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King Herod's Tomb Unearthed Near Jerusalem, Expert Says

Mati Milstein in Jersualem
for National Geographic News
May 8, 2007
 
The tomb of King Herod the Great has been found on the sun-bleached slope of a desert mountain near Jerusalem, an Israeli archaeologist announced today.

Hebrew University professor Ehud Netzer and colleagues say they solved one of Israel's great archaeological mysteries by unearthing the remains of Herod's grave, sarcophagus, and mausoleum at the Herodium complex. (See a photo gallery of the finds.)

Most scholars had assumed Herod, who ruled Judea between 37 and 4 B.C., was buried at the Herodium complex, but his final resting place had remained undiscovered until now. The site lies about 6 miles (15 kilometers) south of modern-day Jerusalem.

King Herod is renowned for his monumental construction projects, including the Jewish Temple in Jerusalem, the Caesarea complex, and the palace atop Masada. Herod constructed Herodium as a massive administrative, residential, memorial, and burial center.

The site's unique character and other finds at the Herodium prove without a doubt that this is Herod's burial site, Netzer said at a press conference.

An Ornate Tomb

The king's highly ornamented, 8-foot (2.5-meter) sarcophagus, crafted of red-colored limestone with rosettes on its sides, had been shattered. Hundreds of fragments have been found around the site, but no inscriptions have been discovered so far. (Related: "What Disease Killed King Herod?" [January 28, 2002]).

The style and design of the sarcophagus found at the Herodium is extremely rare. Only a handful of others have been uncovered in Israel, all in elaborate tombs apparently belonging to prominent personalities, such as the King's Tomb on Salah a-Din Street in Jerusalem.

"It's a sarcophagus we don't just see anywhere," Netzer said. "It is something very special."

The sarcophagus and other structures at the Herodium were likely destroyed during the first Jewish revolt against the Roman Empire between A.D. 66 and 72.

The Jewish rebels despised Herod, calling him a puppet appointed by Judea's Roman rulers. The destruction was probably an expression of hatred or revenge, Netzer said. (See a historical overview of the time period.)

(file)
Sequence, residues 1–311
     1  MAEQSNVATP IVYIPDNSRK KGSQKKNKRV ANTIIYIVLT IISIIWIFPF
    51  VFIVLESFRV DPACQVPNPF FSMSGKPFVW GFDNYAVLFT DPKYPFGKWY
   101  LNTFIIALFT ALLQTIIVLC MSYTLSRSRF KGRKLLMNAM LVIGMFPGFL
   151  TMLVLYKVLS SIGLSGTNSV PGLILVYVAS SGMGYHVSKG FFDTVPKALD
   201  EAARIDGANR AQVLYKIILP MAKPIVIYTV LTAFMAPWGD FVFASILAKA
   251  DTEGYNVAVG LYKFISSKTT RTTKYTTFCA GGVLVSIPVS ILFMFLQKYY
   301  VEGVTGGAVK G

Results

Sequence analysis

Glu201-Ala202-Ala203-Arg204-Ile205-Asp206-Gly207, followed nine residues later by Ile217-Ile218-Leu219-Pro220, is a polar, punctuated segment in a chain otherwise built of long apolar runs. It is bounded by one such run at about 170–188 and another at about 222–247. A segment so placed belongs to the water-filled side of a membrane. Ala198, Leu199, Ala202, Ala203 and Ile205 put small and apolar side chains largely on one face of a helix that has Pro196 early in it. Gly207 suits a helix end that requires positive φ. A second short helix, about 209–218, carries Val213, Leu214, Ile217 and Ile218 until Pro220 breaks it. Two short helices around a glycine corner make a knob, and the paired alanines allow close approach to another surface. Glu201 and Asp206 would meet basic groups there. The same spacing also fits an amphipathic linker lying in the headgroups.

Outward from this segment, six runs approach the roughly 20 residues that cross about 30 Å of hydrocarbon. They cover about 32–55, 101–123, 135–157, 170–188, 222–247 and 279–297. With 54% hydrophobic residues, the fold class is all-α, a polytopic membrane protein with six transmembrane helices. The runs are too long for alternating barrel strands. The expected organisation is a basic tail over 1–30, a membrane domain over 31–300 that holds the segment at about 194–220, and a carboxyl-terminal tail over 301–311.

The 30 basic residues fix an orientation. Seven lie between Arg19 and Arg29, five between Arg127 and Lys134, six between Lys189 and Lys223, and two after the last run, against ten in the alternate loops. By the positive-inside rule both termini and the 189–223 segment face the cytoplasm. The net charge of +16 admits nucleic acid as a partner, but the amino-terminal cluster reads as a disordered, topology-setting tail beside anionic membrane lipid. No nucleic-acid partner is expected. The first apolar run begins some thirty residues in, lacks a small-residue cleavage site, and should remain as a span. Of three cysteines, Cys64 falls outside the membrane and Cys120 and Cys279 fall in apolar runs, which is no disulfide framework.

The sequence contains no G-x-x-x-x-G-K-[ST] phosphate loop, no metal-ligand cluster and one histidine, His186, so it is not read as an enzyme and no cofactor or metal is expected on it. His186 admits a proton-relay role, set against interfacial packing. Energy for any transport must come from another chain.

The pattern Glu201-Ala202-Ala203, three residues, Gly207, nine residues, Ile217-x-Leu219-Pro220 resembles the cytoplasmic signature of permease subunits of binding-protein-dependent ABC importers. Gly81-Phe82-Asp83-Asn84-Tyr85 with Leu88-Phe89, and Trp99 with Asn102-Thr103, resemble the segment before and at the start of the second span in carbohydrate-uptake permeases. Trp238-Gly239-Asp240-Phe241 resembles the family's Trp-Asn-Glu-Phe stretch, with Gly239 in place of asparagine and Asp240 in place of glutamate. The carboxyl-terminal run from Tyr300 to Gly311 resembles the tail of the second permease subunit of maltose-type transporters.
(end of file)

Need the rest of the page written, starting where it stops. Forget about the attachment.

No human remains have been found in or near the tomb, and the skeleton of Herod himself will probably never be recovered, he added.

The scientists also uncovered several decorated ornamental urns similar to those made by Nabateans, an ancient Middle Eastern people absorbed by the Roman Empire.

A Find Long Overdue

Netzer has been excavating at the Herodium since 1972. The new discovery only came, however, after he and his colleagues Yaakov Kalman and Roi Porath, with the assistance of local Bedouins, began excavations higher up on the mountain slope in 2006.

The tomb was difficult to find because the site's mausoleum was mostly dismantled in ancient times and its only remnants are a large stage built of white-dressed stone, which is unique to the Herodium.

Though Herod originally intended to be buried at the foot of the hill, he later decided on a higher site. A monumental staircase leading to the hillside was constructed for his funeral procession.

The Tomb Estate found at the Herodium, located at the base of the hill, includes two massive buildings and a large Jewish ritual bath as well as a long, narrow parade ground, also likely used during Herod's funeral procession.

At the conclusion of the first Jewish revolt in A.D. 70, the rebels handed the site back to the Romans. Jewish fighters also briefly used the site during the Bar Kokhva revolt 50 years later. The fighters built a network of tunnels, which served their efforts in guerrilla warfare against the Romans.

Researchers have started planning additional work at the site, which is now administered by Israel's Nature and National Parks Protection Authority.

"We need to find more artifacts in order to fill in the pieces of the puzzle," Netzer said.

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